So, summing things up. In 2016 you do not have to be an expert in computer science: neither a graduate from the computer science faculty nor a computer geek. In 2016 you can leave all these development issues to the frameworks, engines and hopefully to the business and personal connections. But still, it is desirable to be at least familiar with programming languages and designer programs. It will definitely save your time and increase chances to start a successful project.

Anyway, we are going to switch to hardcore mode and assume that you are a total noob in programming languages, yet you have no friends that would help you with coding.
So, now what? How to start and where to look for help? Calm down and spare enough time to learn, work and build connections and a community. First, you should accept a couple of simple advices that helped other independent game developers. Start small and Learn fast.
How to becomea Game Developer

A few Theses on game development

Here, a list of theses from Gamedev subreddit:

  • There is no ‘one’ way to make a video game. [tweet]
  • A video game is not a video game unless it is completed. [tweet]
  • You must learn how to seek out resources on your own. [tweet]
  • Your first game should be as big as Pong. [tweet]
  • Making a video game is not about programming, art, music or design. [tweet]

This is what people with experience in in industry are telling. But as you might have heard, everyone is making his own way in the game development. Just pick up everything you like and mix it up in your own style.

Start Small and Learn What Others Have Done

Fortunately, there are dozens of great and helpful game developer forums and communities on the Internet. You can always make researches and look for an inspiration and advices in those developer fellowships. In most cases people there are welcoming and kind toward freshmen.

Check out and do not forget to pin the list of the recommended game developer communities:

Spend some time daily on those pages and learn what other fellow developers are doing. Also, try to pal up with someone: maybe they could become your curators or teammates. In any case, you have to build connections and friend circles in the industry. Because it is really hard to start up alone without anyone around you, at least virtually.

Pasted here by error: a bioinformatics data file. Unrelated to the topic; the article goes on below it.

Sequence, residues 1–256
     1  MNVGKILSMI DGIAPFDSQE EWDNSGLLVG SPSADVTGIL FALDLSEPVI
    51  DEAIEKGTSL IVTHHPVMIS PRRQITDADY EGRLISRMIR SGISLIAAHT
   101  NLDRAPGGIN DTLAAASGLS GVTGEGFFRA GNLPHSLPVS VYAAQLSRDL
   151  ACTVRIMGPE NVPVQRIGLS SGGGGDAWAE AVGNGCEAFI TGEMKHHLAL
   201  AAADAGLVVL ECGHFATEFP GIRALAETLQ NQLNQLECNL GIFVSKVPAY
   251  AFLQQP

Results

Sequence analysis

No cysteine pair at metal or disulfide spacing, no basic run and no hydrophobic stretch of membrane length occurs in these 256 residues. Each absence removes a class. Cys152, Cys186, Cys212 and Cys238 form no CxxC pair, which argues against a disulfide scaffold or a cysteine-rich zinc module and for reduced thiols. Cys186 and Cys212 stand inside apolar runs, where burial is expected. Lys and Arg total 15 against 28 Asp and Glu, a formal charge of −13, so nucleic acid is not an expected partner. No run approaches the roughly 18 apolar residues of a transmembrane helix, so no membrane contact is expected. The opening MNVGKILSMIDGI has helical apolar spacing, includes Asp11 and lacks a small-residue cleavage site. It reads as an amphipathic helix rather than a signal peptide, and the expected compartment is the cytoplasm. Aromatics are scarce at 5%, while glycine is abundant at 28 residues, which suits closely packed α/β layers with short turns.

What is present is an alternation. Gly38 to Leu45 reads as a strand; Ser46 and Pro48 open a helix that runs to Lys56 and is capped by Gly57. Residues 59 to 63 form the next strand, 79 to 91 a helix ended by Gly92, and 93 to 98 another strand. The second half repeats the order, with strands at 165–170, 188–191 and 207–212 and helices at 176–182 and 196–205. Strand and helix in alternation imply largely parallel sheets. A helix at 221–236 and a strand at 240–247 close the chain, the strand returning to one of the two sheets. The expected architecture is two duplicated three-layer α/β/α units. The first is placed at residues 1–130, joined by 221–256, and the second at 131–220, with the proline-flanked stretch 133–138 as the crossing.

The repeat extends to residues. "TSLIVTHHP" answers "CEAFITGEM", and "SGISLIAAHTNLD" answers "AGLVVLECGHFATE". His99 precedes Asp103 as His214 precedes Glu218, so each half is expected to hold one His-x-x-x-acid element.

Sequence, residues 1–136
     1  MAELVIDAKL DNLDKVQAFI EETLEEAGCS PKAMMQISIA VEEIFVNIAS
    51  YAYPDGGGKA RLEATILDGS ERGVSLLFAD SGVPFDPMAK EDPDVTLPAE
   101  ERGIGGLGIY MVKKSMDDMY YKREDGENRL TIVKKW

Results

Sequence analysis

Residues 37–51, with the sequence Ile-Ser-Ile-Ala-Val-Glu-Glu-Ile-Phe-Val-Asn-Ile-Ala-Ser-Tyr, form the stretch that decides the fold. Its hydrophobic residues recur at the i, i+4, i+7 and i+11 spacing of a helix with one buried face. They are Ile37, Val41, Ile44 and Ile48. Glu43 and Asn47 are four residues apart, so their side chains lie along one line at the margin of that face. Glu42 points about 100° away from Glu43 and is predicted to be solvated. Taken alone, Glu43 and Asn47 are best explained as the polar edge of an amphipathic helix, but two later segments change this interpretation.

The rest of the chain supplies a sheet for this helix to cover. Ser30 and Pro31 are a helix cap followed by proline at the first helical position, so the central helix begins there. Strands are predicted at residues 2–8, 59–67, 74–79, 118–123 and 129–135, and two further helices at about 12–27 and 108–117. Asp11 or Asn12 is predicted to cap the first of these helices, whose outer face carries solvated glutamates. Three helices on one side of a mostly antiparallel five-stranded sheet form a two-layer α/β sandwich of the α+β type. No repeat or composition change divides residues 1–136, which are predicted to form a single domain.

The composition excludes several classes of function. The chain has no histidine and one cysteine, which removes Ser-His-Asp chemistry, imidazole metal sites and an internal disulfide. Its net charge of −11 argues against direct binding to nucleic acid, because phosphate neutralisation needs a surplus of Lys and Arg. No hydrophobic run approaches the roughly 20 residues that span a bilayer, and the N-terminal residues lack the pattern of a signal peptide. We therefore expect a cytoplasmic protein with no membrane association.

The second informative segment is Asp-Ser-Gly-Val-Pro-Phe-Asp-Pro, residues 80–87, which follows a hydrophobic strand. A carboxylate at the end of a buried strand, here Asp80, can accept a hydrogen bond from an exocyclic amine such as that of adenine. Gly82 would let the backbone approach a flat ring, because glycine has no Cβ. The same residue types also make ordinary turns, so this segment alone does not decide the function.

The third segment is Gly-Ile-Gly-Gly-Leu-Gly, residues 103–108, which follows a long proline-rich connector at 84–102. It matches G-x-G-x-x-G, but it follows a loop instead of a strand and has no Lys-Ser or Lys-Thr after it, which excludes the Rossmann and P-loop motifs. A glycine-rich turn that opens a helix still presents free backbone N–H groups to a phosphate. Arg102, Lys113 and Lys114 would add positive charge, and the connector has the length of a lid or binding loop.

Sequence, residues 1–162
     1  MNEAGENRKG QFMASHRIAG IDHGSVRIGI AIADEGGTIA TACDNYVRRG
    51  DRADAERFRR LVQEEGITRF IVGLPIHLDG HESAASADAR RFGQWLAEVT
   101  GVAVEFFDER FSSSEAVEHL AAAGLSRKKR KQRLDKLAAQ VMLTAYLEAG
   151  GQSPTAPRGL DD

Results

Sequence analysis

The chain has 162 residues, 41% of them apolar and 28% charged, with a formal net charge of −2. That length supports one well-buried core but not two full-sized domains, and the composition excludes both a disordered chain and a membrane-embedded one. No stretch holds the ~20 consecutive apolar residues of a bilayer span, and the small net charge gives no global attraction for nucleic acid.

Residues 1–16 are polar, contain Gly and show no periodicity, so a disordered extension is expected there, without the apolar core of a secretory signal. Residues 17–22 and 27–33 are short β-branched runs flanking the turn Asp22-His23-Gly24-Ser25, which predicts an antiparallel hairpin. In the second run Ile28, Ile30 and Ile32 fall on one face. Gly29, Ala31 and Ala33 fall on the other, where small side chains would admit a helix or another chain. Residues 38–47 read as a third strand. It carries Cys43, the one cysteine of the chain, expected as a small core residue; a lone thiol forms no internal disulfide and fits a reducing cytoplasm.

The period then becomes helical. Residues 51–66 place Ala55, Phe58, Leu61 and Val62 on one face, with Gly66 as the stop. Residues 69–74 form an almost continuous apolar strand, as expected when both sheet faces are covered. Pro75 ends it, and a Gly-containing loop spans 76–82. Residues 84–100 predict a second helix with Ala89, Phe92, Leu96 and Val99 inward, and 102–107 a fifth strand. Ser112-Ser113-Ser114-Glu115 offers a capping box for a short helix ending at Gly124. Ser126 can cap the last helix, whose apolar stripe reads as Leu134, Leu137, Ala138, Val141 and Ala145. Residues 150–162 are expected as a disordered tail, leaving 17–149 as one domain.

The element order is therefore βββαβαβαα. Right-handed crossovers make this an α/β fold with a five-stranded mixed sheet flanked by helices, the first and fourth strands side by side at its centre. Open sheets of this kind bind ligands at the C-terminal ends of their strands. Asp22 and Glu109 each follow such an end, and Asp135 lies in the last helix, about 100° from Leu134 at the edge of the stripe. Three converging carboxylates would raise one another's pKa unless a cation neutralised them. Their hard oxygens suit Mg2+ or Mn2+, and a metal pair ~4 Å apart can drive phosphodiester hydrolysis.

It is necessarily to research and test the Showcases section of the forums. The one where the game developers share their games and playable content. The posters clearly reveal their practice, engines, framework and stuff they have used for the development. Analyze vigorously everything they post and make a list of the best and the failed submissions. It will help you to better understand the tools and the work process. Feel free to ask any question. YOU MUST ASK QUESTIONS. Don’t be silent, you should learn a lot at this stage.


Also, do not forget about Facebook, Twitter, Linkedin, Google Plus and other massive social accounts. Turn your private social pages into strong connecting instruments. Dive into the gaming industry, follow and post everything related to game development.

First Experience. Create your Game Prototype

The Prototype is the essence of the game development. You should try this out and choose the prototyping tool. There are an enormous variety of them, and even more are being created all the time. This guide is primarily for those who have absolutely no computer science skills, and have never programmed anything in their life, thinking that it is beyond their ability to do so.

The following tools will help you go from no coding or development experience to having finished your first prototype. Most of them come prepackaged with sample games, and one of the best ways to learn a new game development tool is to muck around with them, take them apart, and see how they work.